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The Effects of Cortisol on Learning and Memory.

 C. L. Cheatham, P. J. Jennings and E. A Van Kirk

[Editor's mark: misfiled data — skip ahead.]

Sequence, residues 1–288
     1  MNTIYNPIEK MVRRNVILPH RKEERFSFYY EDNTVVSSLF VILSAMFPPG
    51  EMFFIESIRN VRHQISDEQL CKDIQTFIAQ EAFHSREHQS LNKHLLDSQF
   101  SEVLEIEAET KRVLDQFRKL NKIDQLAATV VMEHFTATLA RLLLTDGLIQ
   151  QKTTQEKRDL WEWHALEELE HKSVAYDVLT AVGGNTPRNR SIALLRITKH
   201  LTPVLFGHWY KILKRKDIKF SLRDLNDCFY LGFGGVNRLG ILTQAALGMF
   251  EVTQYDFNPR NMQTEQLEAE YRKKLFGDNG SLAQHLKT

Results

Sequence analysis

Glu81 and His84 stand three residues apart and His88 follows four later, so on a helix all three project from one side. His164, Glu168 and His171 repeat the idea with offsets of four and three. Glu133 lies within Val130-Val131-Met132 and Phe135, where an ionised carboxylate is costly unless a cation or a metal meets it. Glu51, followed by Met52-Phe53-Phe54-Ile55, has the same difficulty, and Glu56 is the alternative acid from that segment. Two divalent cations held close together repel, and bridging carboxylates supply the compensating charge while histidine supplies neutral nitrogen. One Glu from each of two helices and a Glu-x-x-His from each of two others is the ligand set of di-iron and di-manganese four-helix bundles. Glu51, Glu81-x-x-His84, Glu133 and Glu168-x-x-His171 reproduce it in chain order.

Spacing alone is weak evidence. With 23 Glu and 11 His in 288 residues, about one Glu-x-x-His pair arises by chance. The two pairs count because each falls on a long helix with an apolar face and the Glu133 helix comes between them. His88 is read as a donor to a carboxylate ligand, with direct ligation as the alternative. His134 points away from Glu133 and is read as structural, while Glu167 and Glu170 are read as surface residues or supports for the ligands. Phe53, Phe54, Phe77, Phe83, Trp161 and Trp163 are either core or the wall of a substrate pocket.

High levels of cortisol, a stress hormone, may interfere with the normal hippocampal function that is crucial for learning and memory. This study examined the relationship between salivary cortisol levels and learning and recall performance on a verbal paired associates task. Twenty women (mean age 23.6 years) completed two learning sessions and one recall session, each separated by approximately 2 weeks. In Sessions 1 and 2, participants were given 10 blocks of training on the paired associates task. The measure of learning was the number of blocks to reach 100% accuracy. In Session 3, the participants were asked to recall the word pairs without review. The measure of recall was the number of correct responses. Salivary cortisol samples were collected and assayed using radioimmunoassay. Cortisol levels were not associated with the number of blocks to reach criterion in Sessions 1 and 2 (n=18, Spearman rs < .11, ps > .33). High mean cortisol levels during learning and at the time of recall, however, were associated with lower recall scores in Session 3 (n=18, Spearman r=-.468, p=.025, and r=-.413, p=.044, respectively). The effects of high cortisol while performing a verbal paired associates task may have been to interfere with long-term memory, while leaving immediate learning abilities intact.


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